Taiji Mantis Master Cui Hao

Cui Hao, in the centre of the photo below with me and Master Zhou Zhen Dong, is the great-nephew of Cui Shou Shan. Recently, I met with him to talk about his training under his great-uncle and get some pointers in my own training.

Master Cui, please could you tell us a little about yourself…


Cui Shou Shan
 (to the left) was my great uncle. I started training with him in 1961 when I returned to Laiyang from Qingdao and he
returned to Laiyang from Yantai. I was around 15 years old at the time, and had previously learnt some Chang Quan from my father.

And what about your great uncle, Cui Shou Shan…

Cui Shou Shan from Dong Zhu Lu village. He was a very weak and sick child. The doctor said he wouldn’t even live to his twenties. His father, a school teacher, took him to a local Chang Quan master, and he became much stronger and healthier. He trained so hard that after three years, his master said “I have nothing else to teach you, you don’t need to come back.”

He then went to a teacher of Shui Kou Men, a local groundfighting style, and learnt for another three years. That master, named Wang, was very strict and beat his students with a stick if they made mistakes. Master Cui never got hit once in the whole time. The master again had nothing left to teach him and recommended a man named Song Zi De in Zhao Ge village.

Song Zi De also knew Shui Kou Men, right…

Yes, that is how Master Cui got the introduction. He became very close to Song Zi De and called him “uncle”.

Did your great-uncle ever tell you about the training under Song Zi De…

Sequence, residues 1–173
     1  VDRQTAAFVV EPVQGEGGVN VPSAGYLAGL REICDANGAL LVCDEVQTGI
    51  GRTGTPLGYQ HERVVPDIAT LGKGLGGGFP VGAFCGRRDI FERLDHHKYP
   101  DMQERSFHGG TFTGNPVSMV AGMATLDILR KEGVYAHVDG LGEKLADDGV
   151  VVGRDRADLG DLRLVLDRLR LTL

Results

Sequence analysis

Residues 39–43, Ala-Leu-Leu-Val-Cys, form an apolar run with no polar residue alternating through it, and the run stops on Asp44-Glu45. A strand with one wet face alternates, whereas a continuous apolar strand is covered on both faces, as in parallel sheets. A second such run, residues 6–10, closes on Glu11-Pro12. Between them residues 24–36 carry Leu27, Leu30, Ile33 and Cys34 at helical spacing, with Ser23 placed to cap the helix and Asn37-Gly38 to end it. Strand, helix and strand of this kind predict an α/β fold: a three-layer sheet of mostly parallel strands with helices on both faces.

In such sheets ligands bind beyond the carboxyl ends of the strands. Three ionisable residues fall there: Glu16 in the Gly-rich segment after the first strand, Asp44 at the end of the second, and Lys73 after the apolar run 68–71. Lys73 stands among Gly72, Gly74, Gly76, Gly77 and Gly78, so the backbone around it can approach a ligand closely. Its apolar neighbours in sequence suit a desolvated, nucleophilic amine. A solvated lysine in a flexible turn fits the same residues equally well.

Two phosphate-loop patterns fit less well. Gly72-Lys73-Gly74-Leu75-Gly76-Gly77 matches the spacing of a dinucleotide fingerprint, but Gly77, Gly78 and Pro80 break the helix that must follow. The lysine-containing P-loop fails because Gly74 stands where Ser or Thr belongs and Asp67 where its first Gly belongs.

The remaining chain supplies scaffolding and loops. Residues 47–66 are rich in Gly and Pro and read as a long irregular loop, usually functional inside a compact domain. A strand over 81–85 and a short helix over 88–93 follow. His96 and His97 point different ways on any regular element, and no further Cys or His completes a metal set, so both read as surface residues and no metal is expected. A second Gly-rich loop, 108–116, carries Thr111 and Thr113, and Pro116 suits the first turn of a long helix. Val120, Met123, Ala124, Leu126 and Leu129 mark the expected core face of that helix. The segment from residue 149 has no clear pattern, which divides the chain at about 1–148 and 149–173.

Yes, often. Master Song was super rich and had a large property. He had three kind of students: the first lived and ate in his house, the second lived in the nearby village, and the third half trained and half worked for him. Master Song was very strict. Your movements had to be perfect. The students trained hard too. They were so diligent, that during the night, one by one, they would go out to the toilet, only to sneak into the training hall and practice!

So what was your training like under Master Cui…

There were around 4 or 5 of us. He made us learn basics for a whole year, so some of the kids got bored and left. In the second year, I spent six months learning Luan Jie. Everytime we learnt a move, Master Cui would demonstrate the move full power on someone, so we often had bloody noses! We had to train with full power at all times; whether forms or drills or sparring. It was really tiring and nobody dared be lazy. If we practiced alone, we could relax and go half power, but in front of Master Cui, it had to be full!

And what about the actual training routine? Was it organised into a formal class or just everyone did what they liked…

Generally, we would all stretch and do basic kicks together. Then push ups and stances. You had to hold horse stance until you couldn’t stand up any longer. After that we did all our basics, then started to train forms and drills. Generally we trained a couple of hours in the morning and night.

What was Master Cui like as a person…

He was very warm and gentle. But his eyes were piercing like an eagle. As soon as it came to kung fu, he switched and became cold and focussed. Even into his late seventies, he was rock hard, my uncle in his forties couldn’t touch him!